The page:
Cottage Garden

Billowing roses, hollyhock, delphinium and flowing lavender lining walkways is the epitome of what we imagine cottage gardens to be. Historically, the cottage garden was a simple plot of land where the British working family grew vegetables, herbs and an occasional fruit tree. As prosperity improved, homeowners along with the local gentry took great pride in surrounding their homes with overflowing gardens that included both edible and ornamental plantings.

The appeal of a cottage garden is its captivating and inviting feeling. Even though the overall design appears to be light and easy, the cottage garden is quite well organized in terms of height, scale, proportion and succession of bloom. Since there is almost always something in flower, it takes an overarching and controlling hand to make this garden come alive!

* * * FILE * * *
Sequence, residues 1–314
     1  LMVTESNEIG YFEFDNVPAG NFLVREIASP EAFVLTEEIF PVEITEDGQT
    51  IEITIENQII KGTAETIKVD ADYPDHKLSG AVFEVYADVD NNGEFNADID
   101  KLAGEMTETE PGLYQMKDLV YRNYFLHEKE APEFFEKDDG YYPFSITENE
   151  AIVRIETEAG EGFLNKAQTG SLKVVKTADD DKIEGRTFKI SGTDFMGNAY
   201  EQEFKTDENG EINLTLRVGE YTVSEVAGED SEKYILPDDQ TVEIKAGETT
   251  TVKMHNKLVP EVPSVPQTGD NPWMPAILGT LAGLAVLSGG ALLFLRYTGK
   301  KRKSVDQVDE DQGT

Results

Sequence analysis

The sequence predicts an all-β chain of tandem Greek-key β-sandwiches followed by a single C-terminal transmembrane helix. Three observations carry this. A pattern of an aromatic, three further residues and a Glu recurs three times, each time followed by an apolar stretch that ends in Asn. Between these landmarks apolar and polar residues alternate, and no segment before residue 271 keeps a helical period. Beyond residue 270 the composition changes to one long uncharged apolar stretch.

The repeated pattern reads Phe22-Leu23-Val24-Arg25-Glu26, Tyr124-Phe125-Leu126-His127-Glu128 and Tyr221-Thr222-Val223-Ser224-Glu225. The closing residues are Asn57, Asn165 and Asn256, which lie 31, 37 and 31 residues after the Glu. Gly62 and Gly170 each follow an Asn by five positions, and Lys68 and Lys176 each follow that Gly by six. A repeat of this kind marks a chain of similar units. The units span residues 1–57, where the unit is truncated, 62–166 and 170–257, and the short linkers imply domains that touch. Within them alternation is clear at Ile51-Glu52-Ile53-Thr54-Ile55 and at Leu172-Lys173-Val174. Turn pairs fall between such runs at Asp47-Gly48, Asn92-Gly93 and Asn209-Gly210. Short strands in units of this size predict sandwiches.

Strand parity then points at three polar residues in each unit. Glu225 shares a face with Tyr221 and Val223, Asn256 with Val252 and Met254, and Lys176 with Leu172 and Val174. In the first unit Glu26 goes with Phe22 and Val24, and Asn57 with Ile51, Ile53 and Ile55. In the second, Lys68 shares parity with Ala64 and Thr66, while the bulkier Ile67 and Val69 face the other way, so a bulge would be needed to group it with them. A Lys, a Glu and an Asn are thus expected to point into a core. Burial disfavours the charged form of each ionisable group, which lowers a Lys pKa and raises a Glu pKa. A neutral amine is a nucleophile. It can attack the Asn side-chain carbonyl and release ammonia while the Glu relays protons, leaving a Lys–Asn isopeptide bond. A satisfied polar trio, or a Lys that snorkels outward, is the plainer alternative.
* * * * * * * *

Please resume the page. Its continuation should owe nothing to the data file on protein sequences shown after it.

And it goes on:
Climbing plants, especially roses, honeysuckle, sweet peas, and clematis were trained to cottage walls and clamored over fences– softening and framing the garden. Many of these original plants proliferate today as tried and true remnants of a bygone era. Shoreline garden echo the beauty and ebullience of these historic gardens. Optimum growing conditions with well-drained soil and a constant breeze make these gardens thrive.

Hollyhocks, poppies peonies, primoses, daisies, sweet william and sweet-briar and centifolia roses were traditionally planted and remain today as mainstays of the cottage garden.

With the backdrop of water and a vivid sky, the cottage garden resplendent in all its glory flourishes in a waterside environment.